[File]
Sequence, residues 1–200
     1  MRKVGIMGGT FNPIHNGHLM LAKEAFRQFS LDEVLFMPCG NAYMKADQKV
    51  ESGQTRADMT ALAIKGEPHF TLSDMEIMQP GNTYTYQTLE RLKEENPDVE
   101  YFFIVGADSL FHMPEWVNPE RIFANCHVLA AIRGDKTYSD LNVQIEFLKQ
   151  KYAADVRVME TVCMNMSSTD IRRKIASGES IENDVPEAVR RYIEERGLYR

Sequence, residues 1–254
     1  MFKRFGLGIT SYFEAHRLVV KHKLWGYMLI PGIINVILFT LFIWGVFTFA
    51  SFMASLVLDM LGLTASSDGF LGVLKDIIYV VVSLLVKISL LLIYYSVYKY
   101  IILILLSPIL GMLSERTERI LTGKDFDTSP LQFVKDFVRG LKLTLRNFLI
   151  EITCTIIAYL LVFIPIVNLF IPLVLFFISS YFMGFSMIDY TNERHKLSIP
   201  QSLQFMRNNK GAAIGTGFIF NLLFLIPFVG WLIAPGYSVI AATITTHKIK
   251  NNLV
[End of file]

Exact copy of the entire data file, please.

Sequence, residues 1–200
     1  MRKVGIMGGT FNPIHNGHLM LAKEAFRQFS LDEVLFMPCG NAYMKADQKV
    51  ESGQTRADMT ALAIKGEPHF TLSDMEIMQP GNTYTYQTLE RLKEENPDVE
   101  YFFIVGADSL FHMPEWVNPE RIFANCHVLA AIRGDKTYSD LNVQIEFLKQ
   151  KYAADVRVME TVCMNMSSTD IRRKIASGES IENDVPEAVR RYIEERGLYR

Sequence, residues 1–254
     1  MFKRFGLGIT SYFEAHRLVV KHKLWGYMLI PGIINVILFT LFIWGVFTFA
    51  SFMASLVLDM LGLTASSDGF LGVLKDIIYV VVSLLVKISL LLIYYSVYKY
   101  IILILLSPIL GMLSERTERI LTGKDFDTSP LQFVKDFVRG LKLTLRNFLI
   151  EITCTIIAYL LVFIPIVNLF IPLVLFFISS YFMGFSMIDY TNERHKLSIP
   201  QSLQFMRNNK GAAIGTGFIF NLLFLIPFVG WLIAPGYSVI AATITTHKIK
   251  NNLV